‘Tis a gorgeous time of year to wander around and take in the abundance of spring sunshine, blossoms and exhibitions.
There are and have been some interesting exhibitions around town of late.
Let’s start with Jensen Gallery, a commercial gallery in Paddington with a strong international focus and position. Dealer Andrew Jensen, who hails from across the ditch, has a stable of artists that reach far and wide and offers a refreshing and valuable contribution to the national art scene.
Jensen represents the estate of esteemed New York sculptor Fred Sandback (1943-2003) whose lineal sculptures of coloured wool recalibrate the space they are configured in. He takes the line of wool for a specific, well-defined ‘walk’, giving density and shape to what could otherwise by assumed as an emptiness. The taut coloured line is so subtle and unobtrusive that it could be easily overlooked. You do have to look twice to actually ‘see’ the work and, when you focus on it, it is a revelation. There is a great interview with Sandback dating from 2002 on the Estate’s website, which reveals him to be down to earth, inquiring and having a good sense of humour. Definitely worth a read.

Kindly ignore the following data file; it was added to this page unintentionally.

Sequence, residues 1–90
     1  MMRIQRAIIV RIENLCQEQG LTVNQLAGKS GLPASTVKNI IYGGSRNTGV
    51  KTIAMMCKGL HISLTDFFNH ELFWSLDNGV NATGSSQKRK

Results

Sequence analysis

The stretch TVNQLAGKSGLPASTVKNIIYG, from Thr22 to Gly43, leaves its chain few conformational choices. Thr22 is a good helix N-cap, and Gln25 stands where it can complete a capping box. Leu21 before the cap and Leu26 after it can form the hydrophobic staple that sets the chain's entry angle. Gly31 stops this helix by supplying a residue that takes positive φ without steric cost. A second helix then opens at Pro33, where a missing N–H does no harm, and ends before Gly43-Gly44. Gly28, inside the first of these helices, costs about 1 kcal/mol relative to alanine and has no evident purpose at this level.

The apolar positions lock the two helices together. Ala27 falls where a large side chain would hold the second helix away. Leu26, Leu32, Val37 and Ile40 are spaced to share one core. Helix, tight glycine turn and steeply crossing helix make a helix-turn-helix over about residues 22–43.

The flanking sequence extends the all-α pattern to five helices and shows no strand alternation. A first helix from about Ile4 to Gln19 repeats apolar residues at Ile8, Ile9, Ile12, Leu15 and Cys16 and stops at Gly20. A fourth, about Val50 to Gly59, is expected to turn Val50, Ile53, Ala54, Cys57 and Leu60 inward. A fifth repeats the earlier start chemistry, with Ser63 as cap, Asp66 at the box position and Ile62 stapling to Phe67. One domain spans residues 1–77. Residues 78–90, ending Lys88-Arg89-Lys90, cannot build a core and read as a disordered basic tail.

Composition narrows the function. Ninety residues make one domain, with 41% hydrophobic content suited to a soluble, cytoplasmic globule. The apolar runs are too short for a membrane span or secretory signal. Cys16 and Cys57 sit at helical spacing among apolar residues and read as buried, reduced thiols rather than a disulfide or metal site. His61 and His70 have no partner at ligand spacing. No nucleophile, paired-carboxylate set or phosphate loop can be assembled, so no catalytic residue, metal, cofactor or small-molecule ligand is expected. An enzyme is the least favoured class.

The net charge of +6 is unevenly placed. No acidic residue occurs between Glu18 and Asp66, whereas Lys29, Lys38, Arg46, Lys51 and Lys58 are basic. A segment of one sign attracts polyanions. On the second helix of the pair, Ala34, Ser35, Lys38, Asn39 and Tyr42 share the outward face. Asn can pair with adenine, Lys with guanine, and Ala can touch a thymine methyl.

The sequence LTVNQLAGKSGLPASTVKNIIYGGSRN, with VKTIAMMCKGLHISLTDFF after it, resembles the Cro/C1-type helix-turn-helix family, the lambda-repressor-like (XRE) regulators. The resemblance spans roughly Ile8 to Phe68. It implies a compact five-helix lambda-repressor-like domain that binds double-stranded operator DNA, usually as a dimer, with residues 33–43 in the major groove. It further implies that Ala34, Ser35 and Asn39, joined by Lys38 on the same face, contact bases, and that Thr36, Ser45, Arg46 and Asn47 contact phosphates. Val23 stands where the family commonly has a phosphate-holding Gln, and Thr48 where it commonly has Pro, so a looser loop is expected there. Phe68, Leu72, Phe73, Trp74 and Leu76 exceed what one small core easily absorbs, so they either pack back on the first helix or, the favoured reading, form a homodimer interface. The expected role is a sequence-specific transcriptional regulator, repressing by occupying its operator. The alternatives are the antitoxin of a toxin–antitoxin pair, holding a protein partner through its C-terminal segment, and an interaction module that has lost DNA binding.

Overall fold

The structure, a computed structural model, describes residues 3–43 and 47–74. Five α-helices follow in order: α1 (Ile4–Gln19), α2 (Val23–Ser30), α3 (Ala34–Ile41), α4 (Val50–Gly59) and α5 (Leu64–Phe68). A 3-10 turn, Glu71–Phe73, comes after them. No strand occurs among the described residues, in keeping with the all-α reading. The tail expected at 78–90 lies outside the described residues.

Jude Rae, based in Canberra, also shows with Jensen. Her masterful still life practice has been extended to include portraiture (she won the Portia Geach twice -in 2005 & 2008) and architectural frameworks – such as the interior of parts of the Heathrow terminal. Rae has a show in Melbourne opening imminently, in collaboration with Jensen Gallery and Greenwood Street Projects in Abbottsford.
Acclaimed Scottish born artist Callum Innes is also represented by Jensen. He was exhibiting again this past week, for a private viewing (though open to the public), together with the young and very impressive NZ artist Sam Harrison.
Again, you’ll come across artworks which take time and thought. This gallery is not for a fleeting visit. Innes’ paintings can be defined as ‘coolly atmospheric abstraction’, smears and stains on the canvas which appear through a process of washing away the paint with turps. He ‘makes and unmakes’, ‘adds and subtracts’. Australian artist Clinton Nairn paints and washes and bleaches in a similar way: it is what is taken out, off and left over that becomes the final artwork.